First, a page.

Saturday, February 20, 2010

Revisiting “Inherit the wind”


Stanley Kramer made “Inherit the wind” way back in 1960. It is remarkable that the movie remains as relevant and powerful today as it was back then. “Inherit the wind” was an adaptation of a play by the same name that was a parable of the famous Scopes “monkey” trial , and when it was made in 1960 also became a critique of McCarthyism. As the old quote goes, the more things change, the more things remain the same.

“Inherit the wind” was a thinly veiled fictionalization of the Scopes trial, a case in 1925 that tested the Butler act which prohibited the teaching of the theory of evolution, or any theory that denied creation as told in the Bible in schools. John Scopes, a high school teacher in Tennessee, was charged with teaching evolution in schools, and put on trial. It became a battleground between fundamentalists who believed in an absolute and literal version of the bible, and modernists, reformers and thinkers; people like Spencer Tracy’s fictional Henry Drummond (based on the real life Clarence Darrow) who thought that an idea was bigger than any monument man could build.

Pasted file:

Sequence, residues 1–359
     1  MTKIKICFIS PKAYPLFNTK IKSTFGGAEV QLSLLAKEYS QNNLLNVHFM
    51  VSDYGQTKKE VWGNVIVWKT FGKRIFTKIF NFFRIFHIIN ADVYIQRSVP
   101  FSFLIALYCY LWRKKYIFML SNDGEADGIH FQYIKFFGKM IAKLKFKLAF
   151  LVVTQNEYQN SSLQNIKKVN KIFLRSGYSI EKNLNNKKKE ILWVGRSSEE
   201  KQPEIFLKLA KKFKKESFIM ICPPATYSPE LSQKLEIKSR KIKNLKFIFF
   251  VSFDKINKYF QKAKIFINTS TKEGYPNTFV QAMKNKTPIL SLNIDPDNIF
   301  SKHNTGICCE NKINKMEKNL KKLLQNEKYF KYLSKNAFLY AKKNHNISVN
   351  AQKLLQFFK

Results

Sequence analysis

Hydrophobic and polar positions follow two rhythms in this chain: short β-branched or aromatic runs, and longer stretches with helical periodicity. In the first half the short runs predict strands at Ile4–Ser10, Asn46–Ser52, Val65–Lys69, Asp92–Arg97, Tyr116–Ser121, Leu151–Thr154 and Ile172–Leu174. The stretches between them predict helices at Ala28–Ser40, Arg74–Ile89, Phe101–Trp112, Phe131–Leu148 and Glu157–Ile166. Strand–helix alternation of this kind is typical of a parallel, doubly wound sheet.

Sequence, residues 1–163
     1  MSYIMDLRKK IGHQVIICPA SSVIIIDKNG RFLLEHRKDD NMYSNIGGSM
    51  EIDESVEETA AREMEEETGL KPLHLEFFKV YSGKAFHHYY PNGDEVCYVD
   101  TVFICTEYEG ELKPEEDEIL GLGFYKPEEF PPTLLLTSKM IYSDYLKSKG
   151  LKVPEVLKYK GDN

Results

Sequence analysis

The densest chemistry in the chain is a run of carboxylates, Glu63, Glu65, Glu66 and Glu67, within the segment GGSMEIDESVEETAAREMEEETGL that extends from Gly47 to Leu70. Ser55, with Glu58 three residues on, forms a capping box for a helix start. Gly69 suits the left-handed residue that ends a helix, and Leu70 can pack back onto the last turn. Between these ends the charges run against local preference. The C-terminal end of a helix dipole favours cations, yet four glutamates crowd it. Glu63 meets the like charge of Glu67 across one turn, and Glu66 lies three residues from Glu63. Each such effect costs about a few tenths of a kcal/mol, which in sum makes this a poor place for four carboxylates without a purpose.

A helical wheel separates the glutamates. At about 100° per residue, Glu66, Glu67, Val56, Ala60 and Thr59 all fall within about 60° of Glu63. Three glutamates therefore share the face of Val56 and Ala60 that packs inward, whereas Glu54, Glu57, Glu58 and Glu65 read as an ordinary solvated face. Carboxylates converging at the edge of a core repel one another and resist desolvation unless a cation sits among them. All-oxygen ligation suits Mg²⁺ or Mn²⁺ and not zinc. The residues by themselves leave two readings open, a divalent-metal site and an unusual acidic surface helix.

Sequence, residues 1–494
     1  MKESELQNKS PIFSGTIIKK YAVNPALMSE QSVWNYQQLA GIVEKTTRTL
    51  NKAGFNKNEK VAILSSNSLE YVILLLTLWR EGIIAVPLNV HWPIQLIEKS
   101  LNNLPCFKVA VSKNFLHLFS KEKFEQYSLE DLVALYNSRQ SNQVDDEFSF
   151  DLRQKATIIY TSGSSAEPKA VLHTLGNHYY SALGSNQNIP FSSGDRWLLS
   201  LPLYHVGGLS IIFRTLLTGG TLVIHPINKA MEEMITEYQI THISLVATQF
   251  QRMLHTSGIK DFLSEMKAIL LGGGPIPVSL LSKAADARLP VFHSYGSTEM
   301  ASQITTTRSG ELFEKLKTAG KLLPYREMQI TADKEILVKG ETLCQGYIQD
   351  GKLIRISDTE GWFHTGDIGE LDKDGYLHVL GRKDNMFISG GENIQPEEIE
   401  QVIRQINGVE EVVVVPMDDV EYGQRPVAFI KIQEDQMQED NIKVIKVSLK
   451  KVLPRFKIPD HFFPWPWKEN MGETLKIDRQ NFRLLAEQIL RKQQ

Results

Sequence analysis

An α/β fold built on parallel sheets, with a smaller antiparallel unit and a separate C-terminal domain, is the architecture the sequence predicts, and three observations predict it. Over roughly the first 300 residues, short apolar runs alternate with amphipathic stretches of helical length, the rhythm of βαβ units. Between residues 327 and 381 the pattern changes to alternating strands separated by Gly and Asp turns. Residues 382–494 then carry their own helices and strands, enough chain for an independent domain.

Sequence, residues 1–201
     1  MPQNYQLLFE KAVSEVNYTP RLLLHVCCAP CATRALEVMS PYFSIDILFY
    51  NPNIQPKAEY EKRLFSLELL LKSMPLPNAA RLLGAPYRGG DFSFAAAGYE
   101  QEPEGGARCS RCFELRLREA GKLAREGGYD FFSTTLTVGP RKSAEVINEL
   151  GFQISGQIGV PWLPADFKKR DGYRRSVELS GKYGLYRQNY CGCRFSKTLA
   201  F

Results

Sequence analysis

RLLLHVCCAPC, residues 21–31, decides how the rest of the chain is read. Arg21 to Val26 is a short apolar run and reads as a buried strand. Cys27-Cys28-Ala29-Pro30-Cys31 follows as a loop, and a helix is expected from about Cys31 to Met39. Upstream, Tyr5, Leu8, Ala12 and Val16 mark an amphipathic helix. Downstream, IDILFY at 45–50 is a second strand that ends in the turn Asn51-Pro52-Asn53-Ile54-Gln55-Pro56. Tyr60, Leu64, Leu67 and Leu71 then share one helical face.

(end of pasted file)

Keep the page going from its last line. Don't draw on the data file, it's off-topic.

Watching “Inherit the wind” today, fifty years after it was made; one is struck by both the power of the screenplay and story, as well as the ability of the director to confront a serious issue head on, with no punches spared. The Scopes trial itself was fought by two of the best lawyers and orators in America at that time, three time presidential candidate and staunch Presbyterian, William Jennings Bryan, who prosecuted, and Darrow, who fought for the defense of Scope. In Kramer’s movie, Durrow becomes Spencer Tracy’s Henry Drummond, and Fredric March’s Matthew Brady is strongly based on Bryan. The first few scenes of the movie suggest for a few moments that the characters will all be painted with a broad brush of stereotypes, with Brady entering the town to rousing chants of “some old time religion”. But everything changes once Drummond appears on screen, and the entry into the courtroom. The sheer ferocity of the courtroom drama and the power of each argument make you forget those early moments of awkwardness, and suck you right into the battle. The sequences of incidents in court that lead Drummond to utter frustration in the courtroom are built brilliantly. First Drummond is not allowed to call upon any experts in anatomy or geology, anthropology, archeology or astronomy, with his pleas being dismissed as “irrelevant” to the case. The case was about trying Cates (the character based on Scopes) for teaching evolution, which was against the law. It was as simple as that. Nor was Drummond allowed to read out passages from “The origin of species”, even as Brady proudly declares that he has not read the origin, and has no need to read any work of paganism and the work of Satan. Drummond’s moments of frustration can only be described as masterly. Finally, Drummond has to fight the case using the Bible itself as the sole reference.